Which Joe gave his name to ‘sloppy joes’? We look at five interesting sandwiches and their lexical origins.
Relating to or characteristic of the city of Boston, the capital of the US state of Massachusetts, or its inhabitants:‘she had a tinge of a Bostonian accent’
- ‘Bostonian blue bloods were among the first to imitate, popularise and avidly collect the Impressionists.’
- ‘This enthusiasm for Impressionism, particularly for Monet, became characteristically Bostonian.’
- ‘He was remarkably tall, with a big head and grave Bostonian courtesy.’
- ‘On social issues the Bostonian senator is progressive, but on economics he's on the right.’
- ‘Armed with wireless guitars the Bostonian trio makes regular excursions from the stage.’
A native or inhabitant of the city of Boston, capital of the US state of Massachusetts:‘a Bostonian arrived last week to give out presents and to entertain local youngsters’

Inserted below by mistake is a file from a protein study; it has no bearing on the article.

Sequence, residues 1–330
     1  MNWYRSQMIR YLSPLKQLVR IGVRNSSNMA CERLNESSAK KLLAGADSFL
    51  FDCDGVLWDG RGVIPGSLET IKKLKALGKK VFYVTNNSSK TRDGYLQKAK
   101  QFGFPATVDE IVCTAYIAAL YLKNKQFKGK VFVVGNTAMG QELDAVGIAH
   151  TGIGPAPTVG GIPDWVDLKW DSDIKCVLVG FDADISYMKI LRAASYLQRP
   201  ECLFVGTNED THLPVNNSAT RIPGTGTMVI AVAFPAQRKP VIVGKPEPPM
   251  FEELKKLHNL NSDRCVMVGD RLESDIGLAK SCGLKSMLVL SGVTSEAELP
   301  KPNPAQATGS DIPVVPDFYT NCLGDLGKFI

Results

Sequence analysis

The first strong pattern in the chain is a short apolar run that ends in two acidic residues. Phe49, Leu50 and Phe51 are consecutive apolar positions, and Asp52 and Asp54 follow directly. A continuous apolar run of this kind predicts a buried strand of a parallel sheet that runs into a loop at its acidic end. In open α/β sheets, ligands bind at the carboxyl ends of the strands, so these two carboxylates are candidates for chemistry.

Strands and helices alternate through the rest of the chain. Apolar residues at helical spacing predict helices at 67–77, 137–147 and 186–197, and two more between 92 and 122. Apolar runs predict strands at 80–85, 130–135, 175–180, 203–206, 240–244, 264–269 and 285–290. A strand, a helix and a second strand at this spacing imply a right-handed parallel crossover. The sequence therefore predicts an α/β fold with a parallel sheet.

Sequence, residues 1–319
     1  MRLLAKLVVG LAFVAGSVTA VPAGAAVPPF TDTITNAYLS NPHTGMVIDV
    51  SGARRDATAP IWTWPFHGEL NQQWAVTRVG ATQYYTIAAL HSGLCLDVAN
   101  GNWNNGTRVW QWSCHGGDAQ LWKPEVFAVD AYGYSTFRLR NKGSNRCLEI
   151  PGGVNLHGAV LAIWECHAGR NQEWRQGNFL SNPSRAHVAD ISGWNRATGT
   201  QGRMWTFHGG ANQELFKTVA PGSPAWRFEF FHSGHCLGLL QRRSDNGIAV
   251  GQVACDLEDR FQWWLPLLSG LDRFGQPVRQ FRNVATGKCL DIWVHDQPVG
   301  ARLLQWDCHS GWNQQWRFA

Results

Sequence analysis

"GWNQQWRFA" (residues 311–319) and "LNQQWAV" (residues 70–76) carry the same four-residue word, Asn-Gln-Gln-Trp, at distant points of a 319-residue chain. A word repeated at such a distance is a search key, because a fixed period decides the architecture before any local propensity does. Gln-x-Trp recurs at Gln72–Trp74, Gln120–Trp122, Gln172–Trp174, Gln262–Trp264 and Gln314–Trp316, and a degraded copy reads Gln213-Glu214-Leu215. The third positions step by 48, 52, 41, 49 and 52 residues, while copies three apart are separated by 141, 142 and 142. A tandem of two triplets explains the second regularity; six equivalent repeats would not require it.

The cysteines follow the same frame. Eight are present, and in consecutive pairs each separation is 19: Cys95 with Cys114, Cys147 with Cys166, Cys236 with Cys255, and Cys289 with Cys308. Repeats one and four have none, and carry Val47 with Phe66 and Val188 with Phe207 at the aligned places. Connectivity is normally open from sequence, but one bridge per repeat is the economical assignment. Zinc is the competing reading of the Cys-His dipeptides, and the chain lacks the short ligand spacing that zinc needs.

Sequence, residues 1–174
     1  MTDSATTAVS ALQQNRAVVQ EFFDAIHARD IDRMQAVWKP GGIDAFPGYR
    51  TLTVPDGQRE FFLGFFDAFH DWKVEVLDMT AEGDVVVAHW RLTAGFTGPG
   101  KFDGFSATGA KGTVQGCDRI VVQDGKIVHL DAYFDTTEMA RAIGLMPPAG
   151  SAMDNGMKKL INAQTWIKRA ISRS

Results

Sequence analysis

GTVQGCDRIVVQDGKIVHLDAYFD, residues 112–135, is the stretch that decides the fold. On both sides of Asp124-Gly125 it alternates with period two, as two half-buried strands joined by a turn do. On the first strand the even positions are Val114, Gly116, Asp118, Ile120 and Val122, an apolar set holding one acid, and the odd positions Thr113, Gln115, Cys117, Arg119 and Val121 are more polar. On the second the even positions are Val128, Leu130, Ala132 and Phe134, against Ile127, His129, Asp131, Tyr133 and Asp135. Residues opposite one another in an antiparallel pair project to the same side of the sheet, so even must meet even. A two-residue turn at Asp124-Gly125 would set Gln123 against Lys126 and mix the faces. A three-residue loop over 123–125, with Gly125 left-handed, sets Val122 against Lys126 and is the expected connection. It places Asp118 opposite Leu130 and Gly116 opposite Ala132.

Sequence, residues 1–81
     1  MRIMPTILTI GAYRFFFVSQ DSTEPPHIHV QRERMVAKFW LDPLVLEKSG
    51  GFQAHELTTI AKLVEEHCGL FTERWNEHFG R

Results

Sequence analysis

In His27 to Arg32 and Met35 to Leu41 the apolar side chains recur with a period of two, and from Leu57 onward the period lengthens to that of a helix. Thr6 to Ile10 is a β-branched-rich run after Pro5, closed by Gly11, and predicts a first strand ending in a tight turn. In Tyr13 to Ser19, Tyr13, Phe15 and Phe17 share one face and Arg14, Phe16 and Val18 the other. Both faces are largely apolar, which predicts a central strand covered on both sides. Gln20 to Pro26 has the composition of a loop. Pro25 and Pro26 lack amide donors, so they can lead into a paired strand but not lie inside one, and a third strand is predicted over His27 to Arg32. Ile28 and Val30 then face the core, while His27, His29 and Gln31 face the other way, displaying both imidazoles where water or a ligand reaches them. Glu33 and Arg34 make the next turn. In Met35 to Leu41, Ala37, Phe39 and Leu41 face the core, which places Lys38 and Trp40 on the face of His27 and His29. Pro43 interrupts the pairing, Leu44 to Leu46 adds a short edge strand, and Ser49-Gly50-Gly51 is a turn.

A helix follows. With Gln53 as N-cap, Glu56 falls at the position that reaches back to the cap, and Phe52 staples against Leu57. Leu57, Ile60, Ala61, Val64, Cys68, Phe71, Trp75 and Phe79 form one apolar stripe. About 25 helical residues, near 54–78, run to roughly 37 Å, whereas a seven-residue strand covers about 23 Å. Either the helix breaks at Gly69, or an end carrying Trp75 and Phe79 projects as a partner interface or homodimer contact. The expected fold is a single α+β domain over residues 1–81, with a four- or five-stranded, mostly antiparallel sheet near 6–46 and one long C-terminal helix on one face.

- ‘He is married to a Bostonian.’
- ‘The 58-year-old Bostonian moved from Washington to take up a five-year post at the authority last month.’
- ‘And Bostonians have a strong sense of community.’
- ‘Bostonians had money to buy art, but they never showed it off.’
- ‘In an interview last week, this elegant Bostonian told us his great love is working for post-conflict situations.’
- ‘She also offended Berliners when she told them that she prefers the company of Bostonians.’
- ‘The town was named for the affluent Bostonian John Hancock (1737 - 1793) who was the first signer of the Declaration of Independence.’
- ‘When asked where they are from, native Bostonians will often give the name of a community - Southie, for example - rather than Boston itself.’
We take a look at several popular, though confusing, punctuation marks.
From Afghanistan to Zimbabwe, discover surprising and intriguing language facts from around the globe.
The definitions of ‘buddy’ and ‘bro’ in the OED have recently been revised. We explore their history and increase in popularity.